I pray that you spend some time with these questions and listen to where God may be stirring you to move today.

(*My thanks to Richard Peace's book Noticing God for the distinction between spiritual disciplines and spiritual practices. A review will be out on Wednesday.)

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Book Review: "Noticing God" By Richard Peace

As a writer, I appreciate people who begin with the simple and move into the complex. They present ideas and insights, and yet never fully convey that they have all the answers. They admit their faults, struggles, and they are fully in support of God's mystery as a reality to be accepted and explored through prayer. Richard Peace in "Noticing God" (IVP, 2012. 189 pages w/study guide) follows that exact formula.

What I appreciate most about this book is that it is a "book in time" for me. It comes in a time in ministry where I am presented on a regular basis with the question "How do I hear God?" or "Where is God in the midst of _______?" Peace's book presents several fronts on which we can practice the simple art of "noticing" God. We can tune our senses to see Him in a variety of locations, and the support for this habit comes from long-standing classics such as Brother Lawrence's Practicing the Presence of God in which every space of life is a "thin place" where heaven and the mortal world intermingle.

The opening chapters are thick and rich and holy, presenting seven major areas in which we may "notice" God: mystical encounters, God in the ordinary, the still small voice. the power of community, the written word, creation/culture/creativity, and last but not least the church.

The first 6 sections are well worth the cost of the book. His insights into reading Scripture, while somewhat flawed because of a lack of discussion on reading Scripture in its original context, are engaging and reminded me of the passion I must bring to reading the Bible. The section on creation/culture/creativity showed the intersection between the God who created people to be creative people and the cultural implications arising from the creative intersection. He says,

The gift of creation bears the marks of the giver. The beauty we see in the created world is not God, but as the medieval world knew, 'beauty is a transcendental form of Gods's presence therefore...experience of beauty can be understood, by analogy, as experiences of God. (104)

The final chapter on "Church" is interesting as it is notoriously difficult to talk about the standard spiritual practices - which tend to focus inward on the individual - in a community setting that focuses on "the us." Peace distinguishes between spiritual disciplines such as meditation, fasting, and spiritual autobiography which are more individualistic and spiritual practices such as truth-telling, hospitality, and service which are done in the context of community. Due to my increased attention to the balance of the formissional life, I find the distinction helpful and will hopefully build on Dr. Peace's thinking in the future.

I'd recommend this book to anyone who is attempting to drill down deeper into their ways of relating to God into a constant, conscious, intentional way of seeing Him and noticing Him everywhere. Take advantage of this resource as soon as possible.

My thanks to Adrianne Wright and the staff at InterVarsity Press for the opportunity to read and review this work.

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Divine Wiring #3: The Analytical Ones

Recently I was presenting on temperaments and spirituality in a class at Parkview and a man asked a question about why he had to think everything through so extensively. He had identified with the NT (intuitive/thinking) temperament, and he asked if it affected a person's whole life. I said "Yes" and then asked, "What do you do for a living?"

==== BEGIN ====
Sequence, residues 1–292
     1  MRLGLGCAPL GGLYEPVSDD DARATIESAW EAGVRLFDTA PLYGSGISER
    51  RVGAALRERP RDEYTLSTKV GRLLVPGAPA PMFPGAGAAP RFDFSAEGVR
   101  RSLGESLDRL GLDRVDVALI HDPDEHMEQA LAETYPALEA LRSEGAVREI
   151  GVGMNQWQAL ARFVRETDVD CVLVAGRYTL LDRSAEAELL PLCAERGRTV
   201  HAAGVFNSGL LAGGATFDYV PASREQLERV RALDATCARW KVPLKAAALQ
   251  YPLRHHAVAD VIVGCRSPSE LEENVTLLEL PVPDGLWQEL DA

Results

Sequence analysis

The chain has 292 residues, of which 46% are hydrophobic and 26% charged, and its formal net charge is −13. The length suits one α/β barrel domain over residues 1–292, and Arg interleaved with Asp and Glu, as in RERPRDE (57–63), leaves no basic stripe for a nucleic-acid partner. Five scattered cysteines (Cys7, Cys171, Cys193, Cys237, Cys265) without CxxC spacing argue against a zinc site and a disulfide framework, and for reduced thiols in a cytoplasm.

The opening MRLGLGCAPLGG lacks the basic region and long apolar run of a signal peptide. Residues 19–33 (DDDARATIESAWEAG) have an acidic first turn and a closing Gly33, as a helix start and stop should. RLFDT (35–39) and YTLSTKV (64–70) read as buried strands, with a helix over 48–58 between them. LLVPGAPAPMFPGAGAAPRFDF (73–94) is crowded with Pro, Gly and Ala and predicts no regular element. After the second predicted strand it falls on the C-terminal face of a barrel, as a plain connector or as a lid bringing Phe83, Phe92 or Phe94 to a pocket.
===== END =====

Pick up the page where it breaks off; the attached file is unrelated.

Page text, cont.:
He smiled and said, "I'm an accountant." I said, "I had a feeling."

I'm not psychic (though I know you were convinced I was), the simple truth is that our temperaments determine a great deal of our life decisions. The whole point of this "Divine Wiring" series is to try and see where our temperaments can be harnessed to relate to God.

And now, the NT's.

Authors Michael & Norissey in their book Prayer and Temperament assign each temperament type a saint that had similar characteristics. They assigned the NT temperament to St. Thomas Aquinas, one of the greatest scholars in the history of Christianity. The reason is that the NT temperament is a thoughtful, rational, and analytical temperament. NT's need to see the history of an idea and think it through from every possible angle before they can come to terms with it. They love intellectual challenges - puzzles like Sudoku appeal to a NT and they are most alive when they are challenged by an idea or thought that is difficult to process.

The downside of the NT is that moving from thinking to action doesn't happen naturally, and sometimes the need to think through ideas can be paralyzing. NT's can also struggle with pride as their academic and intellectual strength may lead them to put those who are not as intellectually gifted or driven at a lower status than themselves. They understand process very well, how to get from point A to point B, but an interruption in that logical movement can be difficult for them to navigate.

Here are some keys to a NT's relationship with God:

1. Take time in prayer to think on one Biblical idea or aspect of God. Choose grace, holiness, justice, or sovereignty and spend time thinking about how these concepts work. Imagine that they are on display at a museum, and mentally walk around the display noticing the different aspects of each concept.

2. Bring intellectually stimulating reading into your life regularly. God has given you a deep desire to use your brain, and the best way to do that is to stretch it. Reading authors like Timothy Keller, N.T. Wright, and Dallas Willard will bring your mind to focus on ideas and understandings of God that will engage your natural thinking and reasoning skills plus it will give God space to transform you through your mind.

3. Discipline yourself to serve actively on a regular basis. NT's are typically good at seeing where they fall short and creating a plan for how to fix their issues. This can be a roadblock to depending on God's grace from time to time, however when it comes to moving from thinking to acting an NT can use that natural discipline to bring regular serving opportunities into their lives. Find a local food bank, soup kitchen, shelter or simply engage in service at your local church. Take the things that you are learning and mull them over as you apply your hands to the work of service.